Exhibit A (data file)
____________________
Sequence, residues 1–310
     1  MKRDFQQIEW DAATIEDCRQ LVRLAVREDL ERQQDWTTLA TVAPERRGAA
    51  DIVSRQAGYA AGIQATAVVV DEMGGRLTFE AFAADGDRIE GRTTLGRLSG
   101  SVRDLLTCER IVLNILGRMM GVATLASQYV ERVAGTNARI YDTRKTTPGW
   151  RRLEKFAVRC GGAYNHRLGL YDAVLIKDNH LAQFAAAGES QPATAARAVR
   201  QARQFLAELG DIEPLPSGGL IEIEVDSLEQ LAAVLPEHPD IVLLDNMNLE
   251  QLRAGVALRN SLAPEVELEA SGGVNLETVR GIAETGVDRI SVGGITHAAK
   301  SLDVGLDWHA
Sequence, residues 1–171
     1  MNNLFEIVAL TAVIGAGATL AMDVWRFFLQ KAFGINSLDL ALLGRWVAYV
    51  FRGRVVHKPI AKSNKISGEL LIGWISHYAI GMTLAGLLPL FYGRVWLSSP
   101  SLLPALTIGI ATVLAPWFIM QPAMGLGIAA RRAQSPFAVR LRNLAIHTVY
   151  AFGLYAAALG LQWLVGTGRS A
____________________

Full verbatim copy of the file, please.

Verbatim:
Sequence, residues 1–310
     1  MKRDFQQIEW DAATIEDCRQ LVRLAVREDL ERQQDWTTLA TVAPERRGAA
    51  DIVSRQAGYA AGIQATAVVV DEMGGRLTFE AFAADGDRIE GRTTLGRLSG
   101  SVRDLLTCER IVLNILGRMM GVATLASQYV ERVAGTNARI YDTRKTTPGW
   151  RRLEKFAVRC GGAYNHRLGL YDAVLIKDNH LAQFAAAGES QPATAARAVR
   201  QARQFLAELG DIEPLPSGGL IEIEVDSLEQ LAAVLPEHPD IVLLDNMNLE
   251  QLRAGVALRN SLAPEVELEA SGGVNLETVR GIAETGVDRI SVGGITHAAK
   301  SLDVGLDWHA
Sequence, residues 1–171
     1  MNNLFEIVAL TAVIGAGATL AMDVWRFFLQ KAFGINSLDL ALLGRWVAYV
    51  FRGRVVHKPI AKSNKISGEL LIGWISHYAI GMTLAGLLPL FYGRVWLSSP
   101  SLLPALTIGI ATVLAPWFIM QPAMGLGIAA RRAQSPFAVR LRNLAIHTVY
   151  AFGLYAAALG LQWLVGTGRS A